Next was a local cafe, "Koffee?", populated with students nosedeep in their Macbooks. Myself, I polished off several games of Hearthstone, my constant prison.
Returning to my room, I picked up a protein shake for my evening's workout. The Hobbit: The Battle of the Five Armies happened to be playing, a suitable video as any to exert myself to.
The remainder of the evening found me sitting at the bar of a local dive (Three Sheets), my wounded knee all but forgotten. Jovial was the atmosphere there; how much of this was the town, and how much was the students? Or my brain soaked on ridiculously named beers: "Blue Point Oatmeal Stout", "Ommegang Grains of Truth", "Stubborn Beauty Conqueror", "Kent Falls Sweatpants". In any event a smile crossed my face many times, such was the air.
Due to it being the holiday season we (myself and David, who rejoined me this day from his outing at a casino) had found it necessary to split the trip's lodgings to two locations, and this Friday saw me taking the bus to my next temporary home, a kind of townhouse complex on the other side of town, its location a source of many misgivings. The closest eatery sat inside a furniture warehouse, and beyond that the walking options were meager; I deeply regretted not bringing my more comfortable shoes.
I did get to sample some decent pizza in The Hill area of the city, and pasta from Brazi's, the city a veritable haven for such foods.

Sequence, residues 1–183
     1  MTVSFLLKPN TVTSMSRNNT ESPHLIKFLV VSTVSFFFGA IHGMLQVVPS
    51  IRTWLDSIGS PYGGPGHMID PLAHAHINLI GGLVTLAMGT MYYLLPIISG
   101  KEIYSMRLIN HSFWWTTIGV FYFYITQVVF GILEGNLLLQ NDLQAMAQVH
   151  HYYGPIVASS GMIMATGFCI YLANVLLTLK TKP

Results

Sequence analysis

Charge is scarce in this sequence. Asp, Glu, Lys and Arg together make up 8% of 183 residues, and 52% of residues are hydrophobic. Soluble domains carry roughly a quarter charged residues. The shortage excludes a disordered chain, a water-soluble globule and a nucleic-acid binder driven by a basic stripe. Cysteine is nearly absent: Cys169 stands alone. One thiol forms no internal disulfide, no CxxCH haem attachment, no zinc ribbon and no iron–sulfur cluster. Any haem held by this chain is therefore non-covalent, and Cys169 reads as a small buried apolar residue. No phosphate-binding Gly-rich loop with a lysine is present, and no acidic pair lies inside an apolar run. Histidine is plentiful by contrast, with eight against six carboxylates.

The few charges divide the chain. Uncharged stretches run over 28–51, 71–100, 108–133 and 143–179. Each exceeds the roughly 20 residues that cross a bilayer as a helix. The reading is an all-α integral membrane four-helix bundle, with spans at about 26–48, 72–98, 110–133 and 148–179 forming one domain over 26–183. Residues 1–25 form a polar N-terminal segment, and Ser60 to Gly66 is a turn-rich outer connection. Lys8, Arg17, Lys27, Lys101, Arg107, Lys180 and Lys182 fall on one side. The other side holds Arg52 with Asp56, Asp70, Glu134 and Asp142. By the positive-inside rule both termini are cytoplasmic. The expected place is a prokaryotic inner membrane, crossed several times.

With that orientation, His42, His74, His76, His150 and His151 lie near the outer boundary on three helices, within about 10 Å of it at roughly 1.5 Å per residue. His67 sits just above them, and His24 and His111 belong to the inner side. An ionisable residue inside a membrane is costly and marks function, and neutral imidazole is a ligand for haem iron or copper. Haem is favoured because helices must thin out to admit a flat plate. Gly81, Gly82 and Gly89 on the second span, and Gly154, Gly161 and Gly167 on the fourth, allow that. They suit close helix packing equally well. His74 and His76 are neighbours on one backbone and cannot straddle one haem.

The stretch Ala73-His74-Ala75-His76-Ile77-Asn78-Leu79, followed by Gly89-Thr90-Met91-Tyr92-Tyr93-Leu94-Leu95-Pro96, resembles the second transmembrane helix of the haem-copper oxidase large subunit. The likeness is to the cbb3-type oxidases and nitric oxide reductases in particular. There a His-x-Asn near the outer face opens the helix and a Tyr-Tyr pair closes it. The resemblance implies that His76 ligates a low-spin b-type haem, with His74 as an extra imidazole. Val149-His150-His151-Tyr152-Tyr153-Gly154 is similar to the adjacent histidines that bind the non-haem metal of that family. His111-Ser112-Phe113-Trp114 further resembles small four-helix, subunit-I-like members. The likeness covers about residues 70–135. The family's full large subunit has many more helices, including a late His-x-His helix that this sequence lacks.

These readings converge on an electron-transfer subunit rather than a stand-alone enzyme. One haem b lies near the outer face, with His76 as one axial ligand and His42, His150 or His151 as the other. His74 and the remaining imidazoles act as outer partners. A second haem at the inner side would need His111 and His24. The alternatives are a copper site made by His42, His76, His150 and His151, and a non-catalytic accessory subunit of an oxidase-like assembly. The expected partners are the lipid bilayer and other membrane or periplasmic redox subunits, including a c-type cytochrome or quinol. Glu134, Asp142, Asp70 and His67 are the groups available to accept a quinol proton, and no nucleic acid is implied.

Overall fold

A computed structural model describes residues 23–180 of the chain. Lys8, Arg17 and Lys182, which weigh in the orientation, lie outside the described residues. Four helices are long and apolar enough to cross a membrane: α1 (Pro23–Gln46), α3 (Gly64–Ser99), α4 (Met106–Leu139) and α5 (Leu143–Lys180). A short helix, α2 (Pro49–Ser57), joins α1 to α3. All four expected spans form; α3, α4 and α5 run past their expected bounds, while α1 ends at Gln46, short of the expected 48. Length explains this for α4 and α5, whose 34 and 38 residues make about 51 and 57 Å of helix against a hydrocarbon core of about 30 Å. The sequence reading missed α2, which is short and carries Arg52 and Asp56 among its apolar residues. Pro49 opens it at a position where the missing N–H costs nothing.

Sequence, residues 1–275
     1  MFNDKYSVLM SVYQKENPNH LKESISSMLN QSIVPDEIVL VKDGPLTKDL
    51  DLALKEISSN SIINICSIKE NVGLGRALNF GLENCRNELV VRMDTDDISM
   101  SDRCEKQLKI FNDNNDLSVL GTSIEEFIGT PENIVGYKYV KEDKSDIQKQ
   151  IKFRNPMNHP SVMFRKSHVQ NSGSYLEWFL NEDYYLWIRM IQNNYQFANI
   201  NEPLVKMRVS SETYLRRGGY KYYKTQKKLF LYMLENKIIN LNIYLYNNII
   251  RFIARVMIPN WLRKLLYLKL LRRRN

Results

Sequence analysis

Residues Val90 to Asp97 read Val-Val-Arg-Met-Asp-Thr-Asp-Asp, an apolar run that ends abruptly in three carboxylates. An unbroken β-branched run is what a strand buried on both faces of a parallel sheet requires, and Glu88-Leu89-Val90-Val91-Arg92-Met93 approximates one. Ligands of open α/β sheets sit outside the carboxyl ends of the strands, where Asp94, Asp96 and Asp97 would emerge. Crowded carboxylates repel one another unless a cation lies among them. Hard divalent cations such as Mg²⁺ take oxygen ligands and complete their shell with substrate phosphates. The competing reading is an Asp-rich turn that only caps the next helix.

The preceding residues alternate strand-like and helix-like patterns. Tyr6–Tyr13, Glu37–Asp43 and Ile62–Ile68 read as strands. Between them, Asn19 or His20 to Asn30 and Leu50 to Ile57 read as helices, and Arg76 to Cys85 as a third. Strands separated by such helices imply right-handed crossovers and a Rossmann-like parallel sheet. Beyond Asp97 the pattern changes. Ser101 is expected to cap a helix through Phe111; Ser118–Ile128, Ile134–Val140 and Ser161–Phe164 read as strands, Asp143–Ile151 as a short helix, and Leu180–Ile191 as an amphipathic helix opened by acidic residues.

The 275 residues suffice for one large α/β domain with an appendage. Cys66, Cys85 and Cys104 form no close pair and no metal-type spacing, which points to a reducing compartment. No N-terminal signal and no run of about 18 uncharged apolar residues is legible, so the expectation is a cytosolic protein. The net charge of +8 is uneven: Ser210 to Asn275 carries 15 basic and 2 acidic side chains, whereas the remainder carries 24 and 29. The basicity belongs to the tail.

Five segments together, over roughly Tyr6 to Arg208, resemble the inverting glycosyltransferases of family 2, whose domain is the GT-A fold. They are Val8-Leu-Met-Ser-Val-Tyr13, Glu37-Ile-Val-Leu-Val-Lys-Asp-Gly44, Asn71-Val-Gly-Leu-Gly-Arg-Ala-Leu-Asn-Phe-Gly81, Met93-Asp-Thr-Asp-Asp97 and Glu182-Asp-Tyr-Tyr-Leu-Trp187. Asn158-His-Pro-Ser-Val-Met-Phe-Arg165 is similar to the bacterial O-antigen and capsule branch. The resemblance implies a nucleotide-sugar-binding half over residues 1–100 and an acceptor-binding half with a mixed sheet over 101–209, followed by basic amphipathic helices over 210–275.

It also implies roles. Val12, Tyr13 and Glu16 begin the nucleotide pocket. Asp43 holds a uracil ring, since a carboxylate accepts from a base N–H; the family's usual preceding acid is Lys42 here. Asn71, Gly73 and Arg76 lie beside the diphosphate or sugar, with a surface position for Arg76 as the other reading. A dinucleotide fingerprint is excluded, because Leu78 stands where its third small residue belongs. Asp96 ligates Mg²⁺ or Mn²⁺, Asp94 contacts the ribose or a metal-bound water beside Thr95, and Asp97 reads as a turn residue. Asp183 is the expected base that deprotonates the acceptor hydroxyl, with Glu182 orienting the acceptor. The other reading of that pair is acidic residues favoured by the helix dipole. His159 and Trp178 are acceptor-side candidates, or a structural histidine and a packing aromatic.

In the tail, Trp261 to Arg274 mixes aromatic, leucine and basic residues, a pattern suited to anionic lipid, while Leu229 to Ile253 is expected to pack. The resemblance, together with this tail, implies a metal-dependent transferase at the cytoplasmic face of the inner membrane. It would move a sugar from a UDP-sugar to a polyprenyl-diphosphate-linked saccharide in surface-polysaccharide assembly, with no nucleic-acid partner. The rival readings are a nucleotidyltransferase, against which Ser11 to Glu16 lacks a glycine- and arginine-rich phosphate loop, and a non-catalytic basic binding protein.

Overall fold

An early day to get ready to meet the rogues. To meet this end we took an Uber, the driver well-mannered and obliging, to the theater, a 10-minute drive along the I-91 S. We introduced ourselves to the SGU hosts and met the other winners, an enthusiastic couple from New York. I am uncertain as to whether anyone recognized my much-labored-over costume, but the minutes passed quickly.
Oh, as to the Star Wars film itself, why, I cannot say that it was an absolute flop. Sure, it lacks originality and little substance in the logic department but the SW universe was hardly ever anything more than action and heart. And I do believe The Force Awakens sets the stage for coming films, raising the bar of expectations considerably. It was actually funny in places, and fun in most others.
The treat that topped the viewing (oh, and the Cinemark theater had impeccably comfortable seating) was the after-party at the Novella household: food and drinks, lightsabers, the film's strengths and weaknesses, banana plants, and two live tapings of the show on the SGU bridge, as displayed in their 10 year anniversary show. A day to remember, at least for this skeptic.
What could possibly follow up such heights? Sunday David and I walked the downtown after a delicious supper at an Italian pizza restaurant (Abate), deep in the heart of NH's Little Italy, sampling various bars and watering holes, unable to find one that met our bachelor standards.
All in all, a good trip. I need to remember the importance of comfortable footwear, and location is so key in my enjoyment of a lodging. The rogues were very kind and gracious hosts. New Haven's a pretty small university town that I'm unlikely to visit ever again. And paying extra to avoid schlepping between cities is worth it.